With the growth of sub infeudaton, the grades of intermediaries began to multiply. The Vyasa Smriti referred to the four grades of intermediaries in the villages. In this system, the grantee got the absolute right to impose the fair and unfair taxes to the peasants or the tenant farmers. As a result the peasants were converted into the virtual serfs. The tendency of this serfdom was most prominent in Rajasthan, Malwa and in Gujrat region. In this system the tenants or the landless farmers had nothing to say in their favor, they had to act according to their masters in order to earn livelihood. During the transfer of the ownership of the land, the tenants were also tied along with the transferred land. Under the new master the tenants' farmers may also lose his employment. Hence in the feudal society of the Pala Pratihara and the Rashtrakutas the tenants not only lost the security of their tenure to the land but also their employment was threatened.
Under the feudal system the practice of the forced labor was also in vogue. The Pala grants compelled the peasants to "Sarva-pida" i.e. subjected to the forced labor if it was demanded by the grantee. The Pratiharas also initiated the system of "Visti" or forced labor for the grantee or intermediary. Generally the intermediaries forced the peasants to cultivate the land. The peasants had to work under the grantee farmers. Besides the forced labor was demanded by the suzerain for the construction of forts, roads, dams etc.
Apart from forcing a labor, various taxes were also imposed on them. Also the additional taxes were demanded from them. In the contemporary records the imposition of taxes to the tenants were mentioned. The tenants were forced to pay the additional taxes to the grantee. During the supremacy of the Pala Pratihara and the Rashtrakuta, there was no legal machinery where the peasants could redress. Hence the peasants could not complain against the illegal taxation and oppression of the intermediaries. The intermediary or the grantee enjoyed the absolute power.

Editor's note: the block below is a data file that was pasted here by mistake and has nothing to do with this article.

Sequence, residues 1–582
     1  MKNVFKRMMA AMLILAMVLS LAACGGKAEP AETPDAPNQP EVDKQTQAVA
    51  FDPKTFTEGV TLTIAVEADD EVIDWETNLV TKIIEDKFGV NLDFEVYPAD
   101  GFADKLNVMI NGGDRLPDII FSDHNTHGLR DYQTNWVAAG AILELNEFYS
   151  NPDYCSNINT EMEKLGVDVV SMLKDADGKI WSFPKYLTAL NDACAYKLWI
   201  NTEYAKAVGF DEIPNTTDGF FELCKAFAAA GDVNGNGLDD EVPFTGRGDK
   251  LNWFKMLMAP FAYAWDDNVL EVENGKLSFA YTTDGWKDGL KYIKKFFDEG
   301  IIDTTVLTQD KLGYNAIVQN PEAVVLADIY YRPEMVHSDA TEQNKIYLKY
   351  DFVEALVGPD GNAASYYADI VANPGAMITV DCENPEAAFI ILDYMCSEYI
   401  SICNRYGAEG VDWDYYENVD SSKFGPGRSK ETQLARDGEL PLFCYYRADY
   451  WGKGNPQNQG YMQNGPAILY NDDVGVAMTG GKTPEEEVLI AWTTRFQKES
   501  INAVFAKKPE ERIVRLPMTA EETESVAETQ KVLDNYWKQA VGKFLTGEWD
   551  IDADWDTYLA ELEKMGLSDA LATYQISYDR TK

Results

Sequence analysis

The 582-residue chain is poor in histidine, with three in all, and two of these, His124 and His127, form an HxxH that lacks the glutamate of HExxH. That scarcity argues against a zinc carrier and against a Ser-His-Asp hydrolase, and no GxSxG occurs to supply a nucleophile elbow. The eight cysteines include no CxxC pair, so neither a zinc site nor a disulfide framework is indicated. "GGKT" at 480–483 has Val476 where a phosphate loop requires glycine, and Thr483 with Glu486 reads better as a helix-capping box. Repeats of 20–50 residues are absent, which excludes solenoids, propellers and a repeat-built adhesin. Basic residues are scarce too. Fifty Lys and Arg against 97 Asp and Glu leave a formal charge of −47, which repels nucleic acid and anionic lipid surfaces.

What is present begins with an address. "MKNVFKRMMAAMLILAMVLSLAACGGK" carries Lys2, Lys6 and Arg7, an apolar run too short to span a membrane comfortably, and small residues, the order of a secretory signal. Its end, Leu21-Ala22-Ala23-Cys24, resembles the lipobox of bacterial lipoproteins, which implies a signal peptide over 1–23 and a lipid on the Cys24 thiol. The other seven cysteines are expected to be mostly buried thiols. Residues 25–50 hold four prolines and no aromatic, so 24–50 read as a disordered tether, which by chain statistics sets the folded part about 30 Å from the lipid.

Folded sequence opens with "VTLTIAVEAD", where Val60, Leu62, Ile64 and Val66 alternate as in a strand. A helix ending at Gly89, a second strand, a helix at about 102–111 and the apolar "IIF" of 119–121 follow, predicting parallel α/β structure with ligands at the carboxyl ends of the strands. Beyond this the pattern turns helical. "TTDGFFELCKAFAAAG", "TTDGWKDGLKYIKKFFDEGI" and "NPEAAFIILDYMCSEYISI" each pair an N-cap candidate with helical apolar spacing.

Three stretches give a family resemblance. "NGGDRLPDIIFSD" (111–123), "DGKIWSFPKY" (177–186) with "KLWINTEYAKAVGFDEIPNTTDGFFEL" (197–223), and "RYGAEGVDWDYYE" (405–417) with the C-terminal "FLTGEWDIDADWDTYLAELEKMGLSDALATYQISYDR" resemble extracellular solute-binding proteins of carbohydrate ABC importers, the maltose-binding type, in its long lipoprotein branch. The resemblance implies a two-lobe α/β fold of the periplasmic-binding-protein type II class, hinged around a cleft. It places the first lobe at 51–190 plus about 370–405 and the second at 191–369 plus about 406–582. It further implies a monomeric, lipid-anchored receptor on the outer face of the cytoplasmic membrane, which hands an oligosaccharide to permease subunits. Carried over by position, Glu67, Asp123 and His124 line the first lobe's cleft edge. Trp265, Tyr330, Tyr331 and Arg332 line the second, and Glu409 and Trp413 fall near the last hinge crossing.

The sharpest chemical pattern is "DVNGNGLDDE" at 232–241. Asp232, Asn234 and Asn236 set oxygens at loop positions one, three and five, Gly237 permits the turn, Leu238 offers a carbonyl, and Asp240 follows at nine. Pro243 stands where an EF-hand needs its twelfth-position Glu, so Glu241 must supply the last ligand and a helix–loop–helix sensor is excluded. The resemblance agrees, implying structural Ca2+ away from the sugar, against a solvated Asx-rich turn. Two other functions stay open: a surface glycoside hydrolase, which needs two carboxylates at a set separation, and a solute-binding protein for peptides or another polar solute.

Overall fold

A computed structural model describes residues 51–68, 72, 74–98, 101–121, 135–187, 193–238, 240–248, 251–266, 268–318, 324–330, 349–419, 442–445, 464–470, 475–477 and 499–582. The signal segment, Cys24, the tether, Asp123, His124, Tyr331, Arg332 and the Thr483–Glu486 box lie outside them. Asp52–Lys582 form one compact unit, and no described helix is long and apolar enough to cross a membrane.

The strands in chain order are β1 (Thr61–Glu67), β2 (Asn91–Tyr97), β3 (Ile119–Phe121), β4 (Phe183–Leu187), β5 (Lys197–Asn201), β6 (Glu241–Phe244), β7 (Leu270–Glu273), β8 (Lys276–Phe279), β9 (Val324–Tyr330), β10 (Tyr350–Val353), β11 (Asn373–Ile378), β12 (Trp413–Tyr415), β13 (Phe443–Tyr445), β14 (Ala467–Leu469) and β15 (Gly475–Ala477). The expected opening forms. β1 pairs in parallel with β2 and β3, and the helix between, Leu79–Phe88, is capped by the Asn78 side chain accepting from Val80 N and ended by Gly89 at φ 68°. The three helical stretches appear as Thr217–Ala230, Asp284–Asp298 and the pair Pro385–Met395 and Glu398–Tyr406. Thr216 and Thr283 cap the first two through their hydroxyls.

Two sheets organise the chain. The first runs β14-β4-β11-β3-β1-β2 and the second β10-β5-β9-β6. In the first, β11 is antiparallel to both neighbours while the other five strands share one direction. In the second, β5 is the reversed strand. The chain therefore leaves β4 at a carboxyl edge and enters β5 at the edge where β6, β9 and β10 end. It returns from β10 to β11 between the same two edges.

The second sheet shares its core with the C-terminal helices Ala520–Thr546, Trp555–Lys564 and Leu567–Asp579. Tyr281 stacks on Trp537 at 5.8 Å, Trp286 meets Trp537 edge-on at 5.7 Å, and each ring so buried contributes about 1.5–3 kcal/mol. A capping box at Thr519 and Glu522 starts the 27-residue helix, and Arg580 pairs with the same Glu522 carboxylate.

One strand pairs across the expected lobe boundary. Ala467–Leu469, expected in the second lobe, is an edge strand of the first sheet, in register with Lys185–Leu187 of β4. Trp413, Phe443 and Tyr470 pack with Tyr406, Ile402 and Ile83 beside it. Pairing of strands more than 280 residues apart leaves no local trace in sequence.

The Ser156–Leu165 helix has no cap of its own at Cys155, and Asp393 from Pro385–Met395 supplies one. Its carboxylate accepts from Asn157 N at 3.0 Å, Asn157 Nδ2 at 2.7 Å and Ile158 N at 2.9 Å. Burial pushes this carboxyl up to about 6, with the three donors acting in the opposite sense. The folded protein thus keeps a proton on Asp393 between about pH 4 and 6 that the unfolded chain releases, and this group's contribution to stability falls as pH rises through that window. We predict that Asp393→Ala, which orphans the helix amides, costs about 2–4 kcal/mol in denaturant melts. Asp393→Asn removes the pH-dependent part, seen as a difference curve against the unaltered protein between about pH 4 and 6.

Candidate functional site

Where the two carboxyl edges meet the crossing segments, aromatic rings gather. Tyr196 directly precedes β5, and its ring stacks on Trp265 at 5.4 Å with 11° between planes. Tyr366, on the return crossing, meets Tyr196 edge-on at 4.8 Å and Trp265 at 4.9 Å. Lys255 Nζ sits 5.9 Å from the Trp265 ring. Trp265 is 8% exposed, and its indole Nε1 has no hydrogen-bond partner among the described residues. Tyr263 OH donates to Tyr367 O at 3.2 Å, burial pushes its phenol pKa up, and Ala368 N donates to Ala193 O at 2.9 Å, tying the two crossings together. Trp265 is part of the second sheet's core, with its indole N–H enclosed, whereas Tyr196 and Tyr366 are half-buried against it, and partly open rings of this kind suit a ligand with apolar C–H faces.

Feudalisation of trade and commerce was also prevalent in the Pala Pratihara and Rashtrakuta period. From the records of Dharmapala it is known that he made land grants for market. The grantees always had some jurisdiction over the traders in the market granted by the king. The picture of the Pratihara period was also same. During the Rashtrakutas, the guilds had to part their income with the local lord.
In feudal economy local needs were locally supplied. Thus under the Pala-Pratiharas village economy were self-sufficient. All sections of primary producers were lived in the villages. Some towns were also self sufficient as they owned lands to provide their food. There was no uniform measure in the feudal economy. Local weights and measures prevailed therefore.
Trade and commerce was limited during the period. Hence there was a lack in the circulation of the coins. Since in the feudal economy trade was declining there was no gold coins. The Pratiharas used copper coins in a small degree. The decline of trade restricted the growth of money economy. The declining process of the money economy gave rise to the barter system in the feudal economy.
The feudal economy of the Pala Pratihara and the Rashtrakuta period marked the early medieval economy. Individual ownership of land, subjection of peasantry, conversion of income and self-sufficient economy characterized the Pratihara-Pala and Rashtrakuta feudalism.